Your Android device likely stores records of your every move, along with most, if not all, of your digital communication and internet search history. Maintaining perfect data privacy on any smartphone is impossible, but there are ways to reduce the amount of data companies collect about you.
Despite Google’s profit-making data mining practices, the Android OS empowers you with tools to control your data. While you can never fully escape your cell provider’s tracking, you can take practical steps to enhance your smartphone’s privacy settings.
How to Improve Data Privacy on Android?
#1 Enable 2FA
To enhance the security of your account, you should enable two-factor authentication for your Google account. This way you can block access even to those who have your password. Here’s how you can set it up:
- Access the myaccount.google.com/security page on your phone and sign in to your Google account.
- Choose 2-Step Verification and sign in again.
- Tap Try It Now and follow the on-screen instructions to authorize the login and obtain backup codes.
- After completing these steps, your Google account will be connected to your Android phone. Whenever someone attempts to log in from a different location, you will need to verify access using your phone. It is also recommended to set up an authentication app or a security key.
#2 Activate VPN
Ideally, you want to protect your privacy from everyone: hackers, friends, loved ones, ISPs, large companies, etc. By setting up a VPN, you can prevent anyone who does it over the Internet from being tracked. Any websites, social networks, and even ISPs will not be able to establish a connection between Internet activity and you. You can install VeePN for Android and change your location, IP, and DNS flexibly. At the same time, all data will be encrypted and it is almost impossible to hack it.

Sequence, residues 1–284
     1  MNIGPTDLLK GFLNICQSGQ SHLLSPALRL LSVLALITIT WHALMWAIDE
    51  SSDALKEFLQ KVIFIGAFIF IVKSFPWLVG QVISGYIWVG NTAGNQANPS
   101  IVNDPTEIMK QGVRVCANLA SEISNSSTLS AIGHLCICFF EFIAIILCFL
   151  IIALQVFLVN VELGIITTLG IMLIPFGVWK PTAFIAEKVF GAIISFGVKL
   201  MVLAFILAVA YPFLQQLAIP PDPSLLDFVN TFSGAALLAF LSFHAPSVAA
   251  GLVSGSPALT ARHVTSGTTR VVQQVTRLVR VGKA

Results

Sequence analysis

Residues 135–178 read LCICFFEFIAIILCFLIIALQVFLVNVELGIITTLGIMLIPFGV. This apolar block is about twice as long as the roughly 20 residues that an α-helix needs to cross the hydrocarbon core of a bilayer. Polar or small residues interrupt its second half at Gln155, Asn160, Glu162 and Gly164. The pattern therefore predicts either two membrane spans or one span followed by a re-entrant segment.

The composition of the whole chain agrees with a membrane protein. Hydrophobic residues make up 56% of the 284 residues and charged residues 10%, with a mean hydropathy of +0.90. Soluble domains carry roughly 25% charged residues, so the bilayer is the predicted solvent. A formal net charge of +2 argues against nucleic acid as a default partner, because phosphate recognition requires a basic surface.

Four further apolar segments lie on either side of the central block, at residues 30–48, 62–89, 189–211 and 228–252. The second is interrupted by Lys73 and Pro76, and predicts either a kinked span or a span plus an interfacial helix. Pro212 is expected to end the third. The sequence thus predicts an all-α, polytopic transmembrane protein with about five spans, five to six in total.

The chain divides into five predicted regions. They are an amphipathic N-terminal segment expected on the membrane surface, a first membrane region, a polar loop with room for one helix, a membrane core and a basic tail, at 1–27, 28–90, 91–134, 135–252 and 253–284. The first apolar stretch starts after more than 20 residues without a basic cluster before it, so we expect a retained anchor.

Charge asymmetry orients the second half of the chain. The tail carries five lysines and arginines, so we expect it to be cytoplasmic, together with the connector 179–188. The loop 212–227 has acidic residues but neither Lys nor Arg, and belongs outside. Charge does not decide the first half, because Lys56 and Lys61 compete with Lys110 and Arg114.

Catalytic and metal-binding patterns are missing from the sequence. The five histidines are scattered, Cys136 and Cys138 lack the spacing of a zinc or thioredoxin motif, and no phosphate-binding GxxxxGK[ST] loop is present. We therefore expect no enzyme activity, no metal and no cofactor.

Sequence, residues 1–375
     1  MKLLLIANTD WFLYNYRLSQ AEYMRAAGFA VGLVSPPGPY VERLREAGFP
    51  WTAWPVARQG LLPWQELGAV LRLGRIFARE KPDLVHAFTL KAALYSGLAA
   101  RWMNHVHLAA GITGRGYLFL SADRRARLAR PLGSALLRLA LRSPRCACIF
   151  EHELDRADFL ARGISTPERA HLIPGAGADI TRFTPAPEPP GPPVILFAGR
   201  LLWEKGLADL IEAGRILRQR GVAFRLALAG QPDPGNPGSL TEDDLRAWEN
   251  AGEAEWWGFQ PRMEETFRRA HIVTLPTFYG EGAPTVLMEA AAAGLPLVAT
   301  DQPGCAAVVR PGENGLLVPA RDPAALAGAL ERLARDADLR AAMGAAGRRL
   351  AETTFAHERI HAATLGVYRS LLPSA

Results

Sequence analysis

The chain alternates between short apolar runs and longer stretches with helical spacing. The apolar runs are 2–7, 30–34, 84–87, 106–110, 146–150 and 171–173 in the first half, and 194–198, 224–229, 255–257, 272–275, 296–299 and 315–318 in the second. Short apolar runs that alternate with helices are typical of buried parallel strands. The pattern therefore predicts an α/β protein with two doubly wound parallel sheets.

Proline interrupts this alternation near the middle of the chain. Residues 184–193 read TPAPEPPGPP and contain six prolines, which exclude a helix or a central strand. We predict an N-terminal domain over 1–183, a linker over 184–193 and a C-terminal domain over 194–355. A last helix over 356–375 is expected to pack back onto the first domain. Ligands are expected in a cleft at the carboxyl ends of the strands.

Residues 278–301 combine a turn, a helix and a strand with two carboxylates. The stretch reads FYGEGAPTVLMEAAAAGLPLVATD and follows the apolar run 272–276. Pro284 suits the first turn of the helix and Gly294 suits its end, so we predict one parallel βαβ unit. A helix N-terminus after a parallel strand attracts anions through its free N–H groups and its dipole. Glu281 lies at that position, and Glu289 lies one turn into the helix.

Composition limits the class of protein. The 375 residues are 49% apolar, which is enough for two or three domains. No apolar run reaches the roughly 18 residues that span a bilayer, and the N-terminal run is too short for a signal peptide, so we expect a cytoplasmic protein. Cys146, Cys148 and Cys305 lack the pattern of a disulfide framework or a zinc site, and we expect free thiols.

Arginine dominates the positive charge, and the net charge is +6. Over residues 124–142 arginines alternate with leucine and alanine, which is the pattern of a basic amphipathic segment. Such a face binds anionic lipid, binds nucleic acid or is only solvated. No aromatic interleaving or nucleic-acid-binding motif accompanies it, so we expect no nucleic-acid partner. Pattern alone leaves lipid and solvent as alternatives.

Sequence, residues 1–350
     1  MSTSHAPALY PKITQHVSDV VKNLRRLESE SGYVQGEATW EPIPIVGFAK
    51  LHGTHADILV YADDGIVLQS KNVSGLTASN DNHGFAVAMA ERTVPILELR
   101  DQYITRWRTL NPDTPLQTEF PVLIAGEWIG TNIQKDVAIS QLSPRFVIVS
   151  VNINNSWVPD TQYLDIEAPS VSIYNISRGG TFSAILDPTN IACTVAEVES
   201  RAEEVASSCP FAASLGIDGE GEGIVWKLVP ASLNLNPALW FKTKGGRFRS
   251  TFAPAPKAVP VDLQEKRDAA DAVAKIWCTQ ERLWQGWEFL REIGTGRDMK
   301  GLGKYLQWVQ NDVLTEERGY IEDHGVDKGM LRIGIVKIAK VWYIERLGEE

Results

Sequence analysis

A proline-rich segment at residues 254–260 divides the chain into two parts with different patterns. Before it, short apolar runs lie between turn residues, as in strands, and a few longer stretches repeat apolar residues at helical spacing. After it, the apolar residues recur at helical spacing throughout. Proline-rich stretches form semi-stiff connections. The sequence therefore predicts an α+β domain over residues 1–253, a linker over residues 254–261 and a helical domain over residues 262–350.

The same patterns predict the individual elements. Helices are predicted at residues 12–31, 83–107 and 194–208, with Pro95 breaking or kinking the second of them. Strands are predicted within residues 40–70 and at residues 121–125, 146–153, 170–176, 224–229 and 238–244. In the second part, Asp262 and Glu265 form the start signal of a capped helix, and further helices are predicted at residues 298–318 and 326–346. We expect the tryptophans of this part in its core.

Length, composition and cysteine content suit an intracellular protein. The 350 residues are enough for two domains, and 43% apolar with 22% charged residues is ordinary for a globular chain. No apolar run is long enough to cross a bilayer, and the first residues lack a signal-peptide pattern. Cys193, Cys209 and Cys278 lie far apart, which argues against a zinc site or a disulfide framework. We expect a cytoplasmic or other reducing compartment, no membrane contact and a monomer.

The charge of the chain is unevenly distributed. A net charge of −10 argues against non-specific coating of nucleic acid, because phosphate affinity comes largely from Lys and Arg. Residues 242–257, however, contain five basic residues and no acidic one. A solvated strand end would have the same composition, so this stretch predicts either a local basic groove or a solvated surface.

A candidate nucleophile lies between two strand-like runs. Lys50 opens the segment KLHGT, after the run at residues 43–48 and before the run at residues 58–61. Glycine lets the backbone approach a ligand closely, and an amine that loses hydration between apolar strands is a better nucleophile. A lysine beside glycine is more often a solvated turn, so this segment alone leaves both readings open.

#3 Uninstall Unused Apps
The first step to enhance your Android device’s privacy is a simple one, but often overlooked. Take a moment to review and remove any unused apps from your phone. It’s important to regularly declutter your app drawer, as unused applications not only consume device resources but also create potential vulnerabilities for sensitive information. Open your app drawer, and carefully assess each app icon. If you haven’t used an app recently, press and hold its icon, then select “Uninstall.” In case this option isn’t available, choose “App info” and then locate the Uninstall button. On older Android versions, you may need to drag the app toward the top of the screen to access these same options. Once you see them appear at the top, release the app.
#4 Check App Permissions
After uninstalling unused apps, conduct a privacy audit for the ones you regularly use to ensure their access is limited to authorized content. To perform this audit, navigate to Settings, then Privacy and Security, and finally Permissions Manager. In this section, you can view the specific data each app can access, such as location or contacts, and choose to restrict access as needed. Regarding location data, newer Android versions provide the option to limit accuracy, allowing for nearby results without revealing your exact location.